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EVERYTHING YOU NEED TO KNOW ABOUT SUMMER SOLSTICE 2018

By Gurpreet Kaur . 22nd June 2018 01:00pm
EVERYTHING YOU NEED TO KNOW ABOUT SUMMER SOLSTICE 2018

June 21 is the day referred as ‘summer solstice’. It is the longest day of the year and has the shortest night mainly in the northern hemisphere. This event referred to as a ‘solstice’ is an occurrence when the axis of the Earth is tilted to maximum degree with respect to the sun. [caption id="attachment_40239" align="alignnone" width="521"]new summer solstice Source[/caption] After this incident, the days start getting shorter till the time next solstice takes place, i.e. ill 21 December. This event which occurs on 21 December is called winter solstice and is the shortest day in the Northern hemisphere. 2018’s longest day was yesterday, i.e. 21 June. We present you with the intricate details of Summer Solstice.

Time of Summer Solstice in 2018

[caption id="attachment_40240" align="alignnone" width="961"]solstice Source[/caption] When the sun is directly above the Tropic of Cancer (the 23.5 degrees north latitude mark), that is the precise time when the summer solstice takes place. It started from 6:07 a.m. ET/3:07 a.m. PT.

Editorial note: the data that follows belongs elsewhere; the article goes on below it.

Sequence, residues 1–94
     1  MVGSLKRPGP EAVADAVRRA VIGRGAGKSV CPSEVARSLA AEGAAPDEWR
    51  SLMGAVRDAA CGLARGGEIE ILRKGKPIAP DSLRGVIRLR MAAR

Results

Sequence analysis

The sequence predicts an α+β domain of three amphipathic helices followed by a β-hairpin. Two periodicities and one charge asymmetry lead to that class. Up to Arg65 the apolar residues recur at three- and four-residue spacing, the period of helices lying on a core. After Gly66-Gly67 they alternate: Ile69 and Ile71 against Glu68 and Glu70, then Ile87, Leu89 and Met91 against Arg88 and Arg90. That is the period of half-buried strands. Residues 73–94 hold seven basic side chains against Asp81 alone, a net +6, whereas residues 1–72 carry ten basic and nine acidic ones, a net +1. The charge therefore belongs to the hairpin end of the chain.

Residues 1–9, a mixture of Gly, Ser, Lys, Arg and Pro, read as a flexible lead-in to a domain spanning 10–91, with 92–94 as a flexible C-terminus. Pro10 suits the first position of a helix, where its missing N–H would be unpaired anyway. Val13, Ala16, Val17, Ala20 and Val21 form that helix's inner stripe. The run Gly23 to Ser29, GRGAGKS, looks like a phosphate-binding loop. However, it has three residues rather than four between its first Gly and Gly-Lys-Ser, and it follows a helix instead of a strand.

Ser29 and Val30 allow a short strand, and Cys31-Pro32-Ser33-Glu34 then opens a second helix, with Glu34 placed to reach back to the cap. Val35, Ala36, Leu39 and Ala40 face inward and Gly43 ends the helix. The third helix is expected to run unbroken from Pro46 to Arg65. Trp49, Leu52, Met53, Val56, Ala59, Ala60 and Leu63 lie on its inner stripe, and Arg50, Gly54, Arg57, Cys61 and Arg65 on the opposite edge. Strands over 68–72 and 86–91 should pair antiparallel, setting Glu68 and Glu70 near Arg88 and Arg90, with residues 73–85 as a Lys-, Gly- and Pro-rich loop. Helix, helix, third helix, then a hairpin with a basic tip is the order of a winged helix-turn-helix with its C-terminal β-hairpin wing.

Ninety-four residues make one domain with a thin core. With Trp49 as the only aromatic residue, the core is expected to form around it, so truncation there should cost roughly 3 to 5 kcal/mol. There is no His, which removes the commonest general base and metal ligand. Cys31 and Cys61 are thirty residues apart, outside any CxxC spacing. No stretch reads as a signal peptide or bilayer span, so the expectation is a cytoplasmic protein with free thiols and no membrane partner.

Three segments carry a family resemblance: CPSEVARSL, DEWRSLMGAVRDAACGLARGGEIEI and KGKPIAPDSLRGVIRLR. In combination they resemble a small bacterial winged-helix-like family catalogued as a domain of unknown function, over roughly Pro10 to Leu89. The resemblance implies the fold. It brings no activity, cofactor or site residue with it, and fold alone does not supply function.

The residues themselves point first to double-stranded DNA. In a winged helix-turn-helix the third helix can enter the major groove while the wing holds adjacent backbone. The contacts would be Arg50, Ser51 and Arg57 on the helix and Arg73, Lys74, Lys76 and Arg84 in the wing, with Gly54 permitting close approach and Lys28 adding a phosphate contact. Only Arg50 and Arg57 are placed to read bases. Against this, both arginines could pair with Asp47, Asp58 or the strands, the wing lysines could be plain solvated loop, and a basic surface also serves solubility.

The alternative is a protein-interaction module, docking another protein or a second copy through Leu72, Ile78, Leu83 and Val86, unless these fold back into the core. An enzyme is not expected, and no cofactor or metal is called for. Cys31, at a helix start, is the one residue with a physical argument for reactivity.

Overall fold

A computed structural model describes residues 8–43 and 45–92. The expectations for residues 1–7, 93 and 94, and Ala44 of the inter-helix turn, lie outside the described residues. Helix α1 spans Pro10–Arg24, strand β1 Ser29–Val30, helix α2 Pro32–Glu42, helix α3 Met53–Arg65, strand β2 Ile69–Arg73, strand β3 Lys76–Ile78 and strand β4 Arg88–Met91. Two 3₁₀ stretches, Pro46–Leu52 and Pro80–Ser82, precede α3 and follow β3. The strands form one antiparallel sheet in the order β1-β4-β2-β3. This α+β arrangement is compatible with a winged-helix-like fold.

What is the exact meaning of Summer Solstice?

[caption id="attachment_40241" align="alignnone" width="1560"]northern_solstice Source[/caption] Everybody is aware of the fact that Earth’s axis is an imaginary tilted line over which the Earth rotates. It is always tilted and never upright, and it always stays at the same position. The Earth rotates around the sun which is the reason that we on Earth experience different seasons, Summer, Monsoon, Winter, Spring and Autumn. After the Winter solstice (21 December) the northern hemisphere receives more sunlight. The duration of the day and the night are almost equivalent in March. At the time of Summer Solstice, the sun shines brightly and directly over the Northern Hemisphere and less on the Southern Hemisphere. Therefore, this is the reason why parts in the Northern Hemisphere receive more sunlight on 21 December. This is also the day when Arctic Circle receives sunlight for an entire day. Unlike what majority of the people think, this is the day when the Earth is the farthest away from the sun in respect to its orbit during the summer season.